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Things I Have Learned

Savage Pencil On The Underside Of Edwardian Culture
Patrick Clarke , September 3rd, 2020 10:33

Legendary comic book artist and writer Savage Pencil discusses three Edwardian underground figures: Montague Summers, Austin Osman Spare and Louis Wain

Savage Pencil, photo by Joseph Tovey Frost

Earlier this year, Strange Attractor published Rated SavX: The Savage Pencil Skratchbook, a collection of writing, drawings, art, interviews and ephemera from across the career of the acclaimed underground cartoonist Edwin Pouncey.

From his 'Rock 'N' Roll Zoo' series for Sounds in the 1970s, to designing artwork for the likes of Sonic Youth, Sunn O))), The Fall and Current 93, under the name Savage Pencil he has established a wild, hallucinatory style - a trip that's equal parts hilarious and terrifying.

Within the headspinning pages of Rated SavX, you will find illustrated biographies of two Edwardian underground figures - the artist and occultist Austin Osman Spare, whose style of automatic drawing was a major inspiration, and the artist Louis Wain most famous for his anthropomorphic cat pictures whose progressing surrealism has been attributed to an onset of schizophrenia.

Below he discusses both, as well as a lengthy obsession with the author and clergyman Montague Summers, whose strange studies on witchcraft, vampires and werewolves, as well as work on English restoration theatre Pouncey has collected for years.

Tell Me Strange Things: Montague Summers

Photo: Wikimedia Commons

"I first came across Montague Summers when my friend Sandy Robertson came to me with his book Witchcraft And Black Magic. It was one of these pot boiler witchcraft books that Summers had put out and it captured our imagination. He writes in a very arcane type of way. It’s English, but using such an odd, sort of archaic kind of language that’s almost teetering towards Latin. It’s not flowery, more scholarly. He pulls words out that you don’t even know exist like ‘dactyl’ and ‘spondee’; you have to keep rushing to the dictionary. He’s so eccentric and mad, and the subjects he chooses to write about are just extraordinary.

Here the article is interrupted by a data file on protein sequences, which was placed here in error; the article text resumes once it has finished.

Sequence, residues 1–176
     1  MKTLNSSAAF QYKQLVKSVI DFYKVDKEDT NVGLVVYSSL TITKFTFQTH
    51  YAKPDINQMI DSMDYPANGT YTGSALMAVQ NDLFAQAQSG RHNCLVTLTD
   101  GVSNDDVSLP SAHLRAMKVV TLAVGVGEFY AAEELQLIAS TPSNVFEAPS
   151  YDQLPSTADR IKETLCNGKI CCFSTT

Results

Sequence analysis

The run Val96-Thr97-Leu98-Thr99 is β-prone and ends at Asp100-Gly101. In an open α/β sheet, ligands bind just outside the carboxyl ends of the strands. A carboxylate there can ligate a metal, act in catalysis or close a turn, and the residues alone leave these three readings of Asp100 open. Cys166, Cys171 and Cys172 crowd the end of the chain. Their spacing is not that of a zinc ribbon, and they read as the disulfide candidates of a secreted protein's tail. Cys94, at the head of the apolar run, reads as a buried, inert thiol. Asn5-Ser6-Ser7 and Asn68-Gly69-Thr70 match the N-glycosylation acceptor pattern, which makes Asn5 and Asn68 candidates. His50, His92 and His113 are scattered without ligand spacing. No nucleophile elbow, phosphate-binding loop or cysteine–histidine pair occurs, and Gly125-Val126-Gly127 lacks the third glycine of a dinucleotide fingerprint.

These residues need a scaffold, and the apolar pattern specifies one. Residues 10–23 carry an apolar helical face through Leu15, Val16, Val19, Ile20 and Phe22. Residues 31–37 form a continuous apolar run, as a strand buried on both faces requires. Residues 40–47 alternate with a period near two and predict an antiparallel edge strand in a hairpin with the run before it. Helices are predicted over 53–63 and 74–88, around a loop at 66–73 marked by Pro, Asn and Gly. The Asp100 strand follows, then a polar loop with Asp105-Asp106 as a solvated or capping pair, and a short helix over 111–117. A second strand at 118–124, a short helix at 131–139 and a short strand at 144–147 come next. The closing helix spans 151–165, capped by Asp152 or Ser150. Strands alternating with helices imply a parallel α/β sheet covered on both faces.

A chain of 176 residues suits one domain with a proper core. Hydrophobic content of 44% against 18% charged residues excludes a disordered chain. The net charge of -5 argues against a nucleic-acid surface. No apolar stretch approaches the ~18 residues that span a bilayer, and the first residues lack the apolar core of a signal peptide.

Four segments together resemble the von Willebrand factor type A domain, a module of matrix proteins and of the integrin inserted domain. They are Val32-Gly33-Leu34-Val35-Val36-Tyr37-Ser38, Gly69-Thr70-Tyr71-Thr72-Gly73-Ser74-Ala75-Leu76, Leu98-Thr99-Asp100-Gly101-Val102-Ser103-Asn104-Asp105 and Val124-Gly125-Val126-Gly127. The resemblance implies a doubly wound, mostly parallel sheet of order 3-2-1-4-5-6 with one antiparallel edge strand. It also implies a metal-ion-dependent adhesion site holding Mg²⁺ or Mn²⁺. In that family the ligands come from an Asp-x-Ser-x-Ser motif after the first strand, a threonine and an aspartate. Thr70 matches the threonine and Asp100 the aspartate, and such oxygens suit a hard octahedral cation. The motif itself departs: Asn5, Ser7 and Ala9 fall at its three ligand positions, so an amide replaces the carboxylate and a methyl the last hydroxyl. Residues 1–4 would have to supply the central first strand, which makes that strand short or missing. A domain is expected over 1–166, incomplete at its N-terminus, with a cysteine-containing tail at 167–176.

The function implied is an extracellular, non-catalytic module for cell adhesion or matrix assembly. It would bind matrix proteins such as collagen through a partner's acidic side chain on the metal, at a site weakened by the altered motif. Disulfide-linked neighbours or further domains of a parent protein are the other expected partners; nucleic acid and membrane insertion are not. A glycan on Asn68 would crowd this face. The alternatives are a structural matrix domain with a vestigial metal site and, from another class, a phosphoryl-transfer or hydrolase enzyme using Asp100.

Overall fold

"It just captured the imagination, so we started off on this collecting spree. We were both working at Sounds at the time and we thought that instead of listening to these terrible ‘80s records like Haircut 100 we’d go off and look for Montague Summers books, so off we went! We found that this person Timothy d'Arch Smith had written a bibliography about him so we picked that up. Back then London’s antiquarian bookshops weren’t like they are now, there was quite a lot of them. They all had stock that was festering in cellars, so if you went along and prodded them enough they might unearth something for you. And lo and behold we did find quite a lot of stuff about Montague Summers. It was a case of stumbling across it then adding it to the collection. It wasn’t cheap, you were paying about 25 or 40 quid, but we were working at Sounds and we got expenses and we didn’t know what else to do.

"Most of our other friends were really into Aleister Crowley. We like that as well, but because people like Jimmy Page and Kenneth Anger were big fans of him the prices were ramped up to the thousands. Summers appealed to us a bit more because he was more of an underground figure – this guy, dressing up as a priest, writing about witchcraft and restoration theatre. He’s more interesting than Crowley in a lot of ways, and nobody knows about him. Then when we got Tim’s book it became a touchstone, it showed us exactly what was out there, we could go and look for it. We developed a kind of one-upmanship. People would come around to show you something and you’d go ‘oh well we’ve got The History Of Witchcraft And Demonology and it’s in jacket